War of the Rebellion: Serial 062 Page 0179 Chapter XLVI. CORRESPONDENCE, ETC.-UNION.

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will be ready to move. I can take possession of Alexandria at any time, but could not maintain the position without the support of the forces on the upper river. It is important that rive steamers should be sent down from Saint Louis, suitable for the navigation of Red River. I want ten or fifteen first-class and light-draught boats. Some months since your ordered steamers to be sent here, but very few reached New Orleans. They will be indispensable now.

Pending information and orders in regard to movements on Red River, but little change has occurred in the position of troops. I have sent officers to communicate with General Sherman, or General McPherson in his absence, and General Steele, but have yet no information from them. I have sent an officer to Saint Louis also, to obtain steamers, and shall be very glad if you will communicate with the quartermaster at that post, and direct him to aid me. The troops are generally re-enlisting. The furloughs granted upon re-enlistment will materially reduce my force, and I hope those sent from the North may replace those who obtain leave of absence. A company of the enemy's troops near Pensacola came into that post and surrendered themselves. No official report of the fact is received, but it is undoubtedly correct.

The election is progressing favorably. Anxiously waiting information and instructions as to operations on Red River, I have done nothing in Texas, except to provide for the security of the positions held. The armament at Fort Jackson will soon be completed. The interior works at Port Hudson are now nearly ready for the guns intended for their defense. The health of the troops is good.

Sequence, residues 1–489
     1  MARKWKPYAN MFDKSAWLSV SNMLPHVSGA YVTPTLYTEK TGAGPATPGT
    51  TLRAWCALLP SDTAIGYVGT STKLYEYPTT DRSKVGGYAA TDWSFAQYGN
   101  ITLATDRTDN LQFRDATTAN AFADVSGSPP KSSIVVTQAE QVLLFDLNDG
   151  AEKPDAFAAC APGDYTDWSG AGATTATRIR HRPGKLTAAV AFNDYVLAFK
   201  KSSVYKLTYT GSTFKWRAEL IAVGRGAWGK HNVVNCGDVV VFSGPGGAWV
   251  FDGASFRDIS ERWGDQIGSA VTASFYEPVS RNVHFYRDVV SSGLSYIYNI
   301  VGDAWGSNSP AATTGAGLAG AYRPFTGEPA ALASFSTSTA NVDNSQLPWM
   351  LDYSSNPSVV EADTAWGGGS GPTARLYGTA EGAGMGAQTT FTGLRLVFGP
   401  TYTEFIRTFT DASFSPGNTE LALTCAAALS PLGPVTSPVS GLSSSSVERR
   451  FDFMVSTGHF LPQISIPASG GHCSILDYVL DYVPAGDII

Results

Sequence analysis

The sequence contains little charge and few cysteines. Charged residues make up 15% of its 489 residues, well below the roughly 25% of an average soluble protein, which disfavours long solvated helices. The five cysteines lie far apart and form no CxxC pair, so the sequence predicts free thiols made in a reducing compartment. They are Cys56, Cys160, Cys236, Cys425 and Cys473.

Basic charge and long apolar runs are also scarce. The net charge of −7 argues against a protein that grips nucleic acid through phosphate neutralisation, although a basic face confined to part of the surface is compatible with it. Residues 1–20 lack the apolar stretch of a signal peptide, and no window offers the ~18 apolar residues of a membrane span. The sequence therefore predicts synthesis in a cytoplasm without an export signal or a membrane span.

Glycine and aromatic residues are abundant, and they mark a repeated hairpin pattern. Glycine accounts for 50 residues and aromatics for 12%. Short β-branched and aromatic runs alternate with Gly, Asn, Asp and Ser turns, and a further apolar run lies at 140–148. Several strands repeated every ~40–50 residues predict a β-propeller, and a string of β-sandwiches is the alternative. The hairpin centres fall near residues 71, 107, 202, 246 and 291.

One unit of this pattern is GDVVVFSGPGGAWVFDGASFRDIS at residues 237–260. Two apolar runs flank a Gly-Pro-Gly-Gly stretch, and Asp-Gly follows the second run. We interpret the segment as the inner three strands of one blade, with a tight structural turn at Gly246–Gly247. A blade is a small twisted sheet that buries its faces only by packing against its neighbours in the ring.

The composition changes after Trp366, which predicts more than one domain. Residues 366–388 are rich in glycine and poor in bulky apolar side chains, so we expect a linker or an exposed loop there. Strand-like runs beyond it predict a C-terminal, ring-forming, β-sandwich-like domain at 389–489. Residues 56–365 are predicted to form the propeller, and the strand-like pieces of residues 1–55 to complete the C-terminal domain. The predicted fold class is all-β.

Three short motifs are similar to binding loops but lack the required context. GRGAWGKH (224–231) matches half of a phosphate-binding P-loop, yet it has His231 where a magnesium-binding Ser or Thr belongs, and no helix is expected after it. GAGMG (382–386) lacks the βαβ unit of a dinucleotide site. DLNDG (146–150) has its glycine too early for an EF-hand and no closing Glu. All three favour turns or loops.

I have the honor to be, with respect, your obedient servant,


Major-General, Commanding.

FRANKLIN, LA., January 29, 1864.

(Received 4 p. m.)

Brigadier-General STONE,

Chief of Staff:

The effective force now here is 4,000-2,000 infantry, four batteries of field artillery (eighth guns), and two batteries of heavy artillery (eight guns), and about 500 serviceable cavalry. This force can hold this position against any equal force of the enemy. To hold the position against any force which the enemy might bring will require about 4,000 infantry and two field batteries. I think that in any event the cavalry force here should be increased to 2,000 effective, and that at least one gun-boat of very light draught should be at Franklin.

If it will be impossible to increase the cavalry and furnish the gun-boat, then I recommend that if this place be threatened by the enemy in large force the command be withdrawn so far that the gun-boats now in Berwick Bay can aid it. Any point below Bisland will fulfill this condition, but I recommend that this place be held, and that the force be increased by the cavalry and gun-boat already specified. I have seen no indication of an immediate attack by the enemy, but I think his movement will be governed by ours. Our troops here are in.

I should mention that more than 1,000 of the men ar entitled to